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Photo: Annapurna Pictures/Francois Duhamel
Photo: Annapurna Pictures/Francois Duhamel

By Megan Bianco

July 25 marked the 50th anniversary of the three murders at the Algiers Motel in Detroit. So it was purposely chosen as the premiere date of the new biopic made on the incident. The film, simply titled Detroit, had everything going for it. An Oscar-winning director in Kathryn Bigelow, a Star Wars lead in John Boyega, critical darling Will Poulter, etc. But surprisingly, the feature is a huge mixed bag of emotions.

The movie begins with a history recap on the riots that were building up between oppressed black locals of Detroit and the white citizens, particularly the white policemen. One cop in particular, Phil Krauss (Poulter), is just looking to pick a fight. He gets his moment when a gunshot is heard by a local motel and his squad takes advantage of the situation and harasses seven black men—played by Algee Smith, Jacob Latimore and Anthony Mackie as a few—and two young white women—portrayed by Kaitlyn Dever and Hannah Murray.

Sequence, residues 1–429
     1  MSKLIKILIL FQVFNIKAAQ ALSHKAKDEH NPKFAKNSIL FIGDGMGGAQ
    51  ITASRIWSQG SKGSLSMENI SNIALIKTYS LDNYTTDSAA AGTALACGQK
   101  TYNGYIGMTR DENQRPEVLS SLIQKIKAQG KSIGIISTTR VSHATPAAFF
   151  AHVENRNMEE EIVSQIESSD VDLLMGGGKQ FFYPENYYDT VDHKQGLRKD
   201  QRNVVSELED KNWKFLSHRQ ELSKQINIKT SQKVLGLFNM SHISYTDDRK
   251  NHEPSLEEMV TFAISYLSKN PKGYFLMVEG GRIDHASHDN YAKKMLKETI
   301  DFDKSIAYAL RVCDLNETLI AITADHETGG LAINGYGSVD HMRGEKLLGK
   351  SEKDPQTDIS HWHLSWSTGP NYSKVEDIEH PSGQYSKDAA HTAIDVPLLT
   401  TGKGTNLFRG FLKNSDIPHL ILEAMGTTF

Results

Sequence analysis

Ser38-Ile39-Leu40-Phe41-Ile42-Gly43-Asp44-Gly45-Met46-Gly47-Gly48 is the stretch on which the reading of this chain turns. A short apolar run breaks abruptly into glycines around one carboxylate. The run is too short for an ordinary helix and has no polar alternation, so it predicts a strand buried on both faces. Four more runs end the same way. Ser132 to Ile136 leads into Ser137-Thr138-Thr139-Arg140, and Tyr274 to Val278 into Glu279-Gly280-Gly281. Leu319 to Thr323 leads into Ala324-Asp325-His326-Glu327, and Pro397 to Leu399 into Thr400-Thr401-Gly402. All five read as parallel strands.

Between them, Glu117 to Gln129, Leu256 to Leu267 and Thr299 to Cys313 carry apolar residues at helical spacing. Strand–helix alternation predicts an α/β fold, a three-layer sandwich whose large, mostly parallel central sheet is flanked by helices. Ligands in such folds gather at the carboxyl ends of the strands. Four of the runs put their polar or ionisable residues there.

Boyega appears as the only black policeman at the scene. Detroit’s biggest weakness is ultimately the script. This is a shock, as it’s the same writing-directing team who brought us successes The Hurt Locker (2008) and Zero Dark Thirty (2012): Mark Boal and Bigelow. Some of the dialogue is unpredictably corny and the pacing feels off during the first and third acts. The themes are filmed too on-the-nose, especially in our current political climate. Still, the performances, especially from Poulter and Smith, make it worth a viewing.



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